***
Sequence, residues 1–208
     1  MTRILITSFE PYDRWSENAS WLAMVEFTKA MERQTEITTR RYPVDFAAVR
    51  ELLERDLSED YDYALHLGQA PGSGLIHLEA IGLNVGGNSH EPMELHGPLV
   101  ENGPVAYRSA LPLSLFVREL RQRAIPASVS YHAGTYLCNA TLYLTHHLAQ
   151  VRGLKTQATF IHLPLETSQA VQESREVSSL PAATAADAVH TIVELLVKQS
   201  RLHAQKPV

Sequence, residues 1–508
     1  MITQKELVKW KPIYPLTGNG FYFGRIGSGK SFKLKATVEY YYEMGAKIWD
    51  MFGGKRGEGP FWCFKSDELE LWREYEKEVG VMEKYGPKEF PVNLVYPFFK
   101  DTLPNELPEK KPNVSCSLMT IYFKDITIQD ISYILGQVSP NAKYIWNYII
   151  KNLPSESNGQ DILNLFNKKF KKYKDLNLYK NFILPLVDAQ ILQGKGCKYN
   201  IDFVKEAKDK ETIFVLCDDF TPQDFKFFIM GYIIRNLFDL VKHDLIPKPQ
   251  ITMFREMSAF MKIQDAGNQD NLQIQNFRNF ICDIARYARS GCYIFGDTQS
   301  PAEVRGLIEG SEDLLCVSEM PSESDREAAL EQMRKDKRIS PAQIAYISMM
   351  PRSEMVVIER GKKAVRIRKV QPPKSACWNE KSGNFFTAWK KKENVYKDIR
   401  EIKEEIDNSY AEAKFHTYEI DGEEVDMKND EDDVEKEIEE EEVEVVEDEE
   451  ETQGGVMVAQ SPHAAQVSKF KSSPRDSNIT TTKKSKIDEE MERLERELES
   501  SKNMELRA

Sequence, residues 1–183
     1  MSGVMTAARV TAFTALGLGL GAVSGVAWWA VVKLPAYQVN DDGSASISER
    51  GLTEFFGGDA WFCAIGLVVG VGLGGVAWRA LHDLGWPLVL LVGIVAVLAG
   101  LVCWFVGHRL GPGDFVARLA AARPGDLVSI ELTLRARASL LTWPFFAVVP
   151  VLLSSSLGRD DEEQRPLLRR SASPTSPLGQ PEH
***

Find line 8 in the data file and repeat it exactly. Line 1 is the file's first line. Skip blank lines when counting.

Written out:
     1  MITQKELVKW KPIYPLTGNG FYFGRIGSGK SFKLKATVEY YYEMGAKIWD